There is an old joke that the role of economic forecasters is to make astrologers look good. Forecasting GDP or inflation for the upcoming year with any degree of accuracy is virtually impossible, as there are so many chance elements (war, pestilence, famine, etc.). In my view, it is far more important to understand economic drivers. This article will address a number of economic and financial drivers for 2023.
I see a continuation of some of the drivers I have been discussing in various articles over the past two years, namely (a) stubbornly high inflation, (b) to which Central Banks respond by keeping interest rates high or raising them further; which in turn (c) pushes most of the world into a recession (or worse, depression); (d) high interest rates and declining GDP growth strain financial markets. Let me address each of these in more detail. A twist of war (Ukraine, etc.), climate change (hurricanes, etc) and pestilence (Covid, etc. ) may contribute to high volatility.
Eurostat has just released some extremely scary inflation numbers (chart):
Despite energy prices having moderated in the past months, inflation is going out of control in Europe. Negative demographics – including “the great resignation” (people falling out of the workforce far faster than normal) – mean that wage pressures are extremely high, which feed into inflation in services. We are rapidly approaching the point where inflation expectations become entrenched, possibly further accelerating inflation, but almost certainly making it much more difficult to stamp out.
While unusual seasonal warmth in most of Europe has helped moderate energy prices over the past few months, an extreme cold snap could easily swing energy prices in the other direction, further accelerating overall CPI. Europe is in a particularly hard place with respect to fighting inflation, because of exceedingly high debt levels on the periphery (Italy, etc.) and high leverage exposure of its major banks (which hold risky government debt as supposedly “safe” assets).
In the US, a major impetus to inflation is the labour market situation. Most people think that the recent high number of layoffs should dampen inflation. But there have also been massive numbers of retirements and early retirements; hence the number of unfilled positions remains stubbornly high. It is ultimately the lack of ability to fill vacant positions, not the number of layoffs, that drives wage inflation.
The US saw high inflation in 2022 despite a huge appreciation in the US dollar, a strong inflation moderating influence. The recent decline in the US dollar may now further fuel inflation, particularly if dollar devaluation continues in 2023.
The ECB has done too little, too late to raise interest rates over the past two years, and the above chart shows the result; hence for the foreseeable future European interest rates will of necessity play “catch-up”, and have nowhere to go but up.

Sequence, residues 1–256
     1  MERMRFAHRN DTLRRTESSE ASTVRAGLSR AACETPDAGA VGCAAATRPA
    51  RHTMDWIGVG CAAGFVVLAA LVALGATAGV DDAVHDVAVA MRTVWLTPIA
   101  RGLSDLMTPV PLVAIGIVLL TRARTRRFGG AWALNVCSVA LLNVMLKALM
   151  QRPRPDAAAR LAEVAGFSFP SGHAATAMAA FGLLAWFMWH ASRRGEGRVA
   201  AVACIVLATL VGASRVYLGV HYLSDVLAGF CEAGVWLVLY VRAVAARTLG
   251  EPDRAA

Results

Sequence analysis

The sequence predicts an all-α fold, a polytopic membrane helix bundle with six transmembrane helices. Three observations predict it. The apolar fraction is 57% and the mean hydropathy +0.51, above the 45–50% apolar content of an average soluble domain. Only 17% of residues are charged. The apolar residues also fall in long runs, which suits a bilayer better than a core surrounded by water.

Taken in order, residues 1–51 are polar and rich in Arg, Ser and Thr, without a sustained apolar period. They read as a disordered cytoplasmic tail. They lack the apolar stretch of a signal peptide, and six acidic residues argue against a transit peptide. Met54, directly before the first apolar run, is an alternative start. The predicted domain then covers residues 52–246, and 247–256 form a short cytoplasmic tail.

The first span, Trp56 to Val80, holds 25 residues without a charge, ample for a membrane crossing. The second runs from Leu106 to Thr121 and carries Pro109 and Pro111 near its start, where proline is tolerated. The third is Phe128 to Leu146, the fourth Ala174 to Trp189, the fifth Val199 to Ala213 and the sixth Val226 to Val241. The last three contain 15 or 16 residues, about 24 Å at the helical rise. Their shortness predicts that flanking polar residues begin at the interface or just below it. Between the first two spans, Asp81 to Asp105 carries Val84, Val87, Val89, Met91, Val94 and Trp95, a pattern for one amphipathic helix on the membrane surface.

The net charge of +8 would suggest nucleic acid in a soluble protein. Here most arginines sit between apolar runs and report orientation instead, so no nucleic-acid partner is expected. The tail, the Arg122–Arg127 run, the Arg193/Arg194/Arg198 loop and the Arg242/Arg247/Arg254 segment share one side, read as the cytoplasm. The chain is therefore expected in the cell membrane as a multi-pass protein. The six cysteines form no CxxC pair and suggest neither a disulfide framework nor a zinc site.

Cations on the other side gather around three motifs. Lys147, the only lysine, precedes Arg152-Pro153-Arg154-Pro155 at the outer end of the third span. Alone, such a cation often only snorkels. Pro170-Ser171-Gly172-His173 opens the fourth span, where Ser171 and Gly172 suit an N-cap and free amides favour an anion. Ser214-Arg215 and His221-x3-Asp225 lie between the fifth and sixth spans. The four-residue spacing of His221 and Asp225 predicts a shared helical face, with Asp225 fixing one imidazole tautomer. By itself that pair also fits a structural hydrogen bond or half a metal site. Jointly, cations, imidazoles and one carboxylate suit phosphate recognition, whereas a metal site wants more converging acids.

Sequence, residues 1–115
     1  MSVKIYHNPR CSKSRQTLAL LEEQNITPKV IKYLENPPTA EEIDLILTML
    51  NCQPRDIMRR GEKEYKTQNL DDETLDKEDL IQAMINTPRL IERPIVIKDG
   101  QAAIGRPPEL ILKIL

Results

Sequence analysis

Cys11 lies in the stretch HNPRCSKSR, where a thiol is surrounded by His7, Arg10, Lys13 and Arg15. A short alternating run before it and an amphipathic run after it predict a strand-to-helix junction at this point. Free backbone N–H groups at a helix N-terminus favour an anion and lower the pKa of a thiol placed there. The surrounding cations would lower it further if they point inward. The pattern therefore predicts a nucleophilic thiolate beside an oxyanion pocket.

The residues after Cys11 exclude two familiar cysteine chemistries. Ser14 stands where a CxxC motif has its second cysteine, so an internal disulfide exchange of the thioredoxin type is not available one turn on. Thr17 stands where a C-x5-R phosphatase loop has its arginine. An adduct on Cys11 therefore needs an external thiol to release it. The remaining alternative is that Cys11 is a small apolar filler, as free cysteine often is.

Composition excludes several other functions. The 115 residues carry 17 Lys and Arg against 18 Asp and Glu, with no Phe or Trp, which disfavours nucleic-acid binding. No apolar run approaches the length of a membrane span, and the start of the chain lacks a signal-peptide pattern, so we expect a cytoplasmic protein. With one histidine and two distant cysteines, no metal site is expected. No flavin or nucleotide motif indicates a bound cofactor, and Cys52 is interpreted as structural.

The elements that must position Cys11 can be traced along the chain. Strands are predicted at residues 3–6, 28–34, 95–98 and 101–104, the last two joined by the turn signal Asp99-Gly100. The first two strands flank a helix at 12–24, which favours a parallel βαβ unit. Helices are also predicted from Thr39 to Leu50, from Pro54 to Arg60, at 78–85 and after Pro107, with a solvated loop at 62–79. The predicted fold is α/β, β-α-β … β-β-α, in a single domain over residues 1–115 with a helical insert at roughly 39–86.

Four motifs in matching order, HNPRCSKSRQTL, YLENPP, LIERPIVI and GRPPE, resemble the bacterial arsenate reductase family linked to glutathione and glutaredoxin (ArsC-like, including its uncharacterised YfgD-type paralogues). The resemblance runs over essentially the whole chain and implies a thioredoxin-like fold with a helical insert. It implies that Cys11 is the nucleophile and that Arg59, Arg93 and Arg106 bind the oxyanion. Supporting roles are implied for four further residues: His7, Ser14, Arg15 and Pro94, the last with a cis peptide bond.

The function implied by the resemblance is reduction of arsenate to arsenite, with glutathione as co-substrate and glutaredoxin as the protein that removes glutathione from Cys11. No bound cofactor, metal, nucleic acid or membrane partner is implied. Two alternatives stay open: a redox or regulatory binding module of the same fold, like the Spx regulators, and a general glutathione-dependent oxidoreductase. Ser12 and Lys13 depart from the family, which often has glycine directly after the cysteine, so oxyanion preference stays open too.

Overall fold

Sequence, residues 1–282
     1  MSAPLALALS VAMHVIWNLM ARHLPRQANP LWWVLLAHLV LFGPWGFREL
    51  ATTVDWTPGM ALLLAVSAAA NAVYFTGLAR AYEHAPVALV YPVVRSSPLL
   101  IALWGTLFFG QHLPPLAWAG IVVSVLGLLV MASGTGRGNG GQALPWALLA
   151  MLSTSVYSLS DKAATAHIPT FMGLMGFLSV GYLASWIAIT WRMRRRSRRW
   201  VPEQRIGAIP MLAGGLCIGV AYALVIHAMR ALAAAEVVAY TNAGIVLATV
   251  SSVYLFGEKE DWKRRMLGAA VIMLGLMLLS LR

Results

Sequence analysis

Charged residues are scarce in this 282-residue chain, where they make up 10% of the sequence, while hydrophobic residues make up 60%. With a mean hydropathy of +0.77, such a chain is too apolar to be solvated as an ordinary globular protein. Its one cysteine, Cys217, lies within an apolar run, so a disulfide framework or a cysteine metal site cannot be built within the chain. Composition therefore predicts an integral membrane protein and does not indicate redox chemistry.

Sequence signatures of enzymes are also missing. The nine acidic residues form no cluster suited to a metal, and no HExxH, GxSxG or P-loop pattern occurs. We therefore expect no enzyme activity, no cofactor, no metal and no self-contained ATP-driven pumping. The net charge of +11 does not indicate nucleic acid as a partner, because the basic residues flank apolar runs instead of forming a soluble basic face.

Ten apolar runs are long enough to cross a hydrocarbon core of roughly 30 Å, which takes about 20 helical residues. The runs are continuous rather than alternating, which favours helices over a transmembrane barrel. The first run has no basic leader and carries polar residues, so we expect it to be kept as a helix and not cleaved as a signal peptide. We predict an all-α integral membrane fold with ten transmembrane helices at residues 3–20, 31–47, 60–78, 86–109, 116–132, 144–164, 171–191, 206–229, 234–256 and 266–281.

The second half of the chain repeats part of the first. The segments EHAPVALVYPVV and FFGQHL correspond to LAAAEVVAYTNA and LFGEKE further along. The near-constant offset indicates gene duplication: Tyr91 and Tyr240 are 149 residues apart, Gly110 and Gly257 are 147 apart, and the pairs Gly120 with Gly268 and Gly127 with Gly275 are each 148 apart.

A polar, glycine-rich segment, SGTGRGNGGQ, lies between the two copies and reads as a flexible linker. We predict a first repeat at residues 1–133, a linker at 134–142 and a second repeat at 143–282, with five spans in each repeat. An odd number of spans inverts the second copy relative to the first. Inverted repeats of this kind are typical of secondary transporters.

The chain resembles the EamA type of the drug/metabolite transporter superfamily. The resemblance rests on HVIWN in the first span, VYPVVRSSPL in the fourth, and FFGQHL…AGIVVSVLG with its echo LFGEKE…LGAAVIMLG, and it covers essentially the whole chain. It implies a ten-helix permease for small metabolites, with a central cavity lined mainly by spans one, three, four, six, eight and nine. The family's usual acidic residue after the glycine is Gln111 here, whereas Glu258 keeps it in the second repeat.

In the US, the Fed continues to try to wipe out inflation by squeezing the economy – a strategy of “burning down the house to roast the pig,” as Economist Robert Solow calls it.
Or as Luke Groman says, “Volcker could do what Volcker did because he could break inflation before he broke the Federal Government’s fiscal position. Powell can’t.” The national debt is several times higher today (close to 130% of GDP) than it was in Volcker’s time (in the range of 30%).
So the US Fed is likely to continue tight policy – until “something breaks” (e.g. failure of bond markets, or pension funds, etc.) When that happens, we will revert to Quantitative Easing and even larger fiscal deficits. The scale may need to be so massive that given already high debt levels, society’s confidence in fiat currencies may be shaken.
Even before “something breaks”, the world economy is already losing steam. The IMF recently warned that a third of the world may be in recession by 2023. It could be higher.
2022 saw a very rare scenario – both US equity and bond markets declining in the order of magnitude of 20% – an annus horribilis for investors, pension funds, etc, – this despite US financial markets still seeming hopeful for a soft landing. Should it become apparent that a soft landing is not possible and corporate earnings reports increasingly miss forecasts, equity markets could see a further collapse. Now that global debt levels are higher, economic fragility is greater. And of course Covid and the Ukrainian War, together with many other pressure points in the world, from Taiwan to the Middle East, tend to increase volatility.
Given such drivers, an optimistic scenario would be that equity markets move horizontally in 2023; whichever directions market move, it is unlikely to be a straight line progression.
Les Nemethy is the CEO and founder of Euro-Phoenix Financial Advisors Ltd and a former official at the World Bank.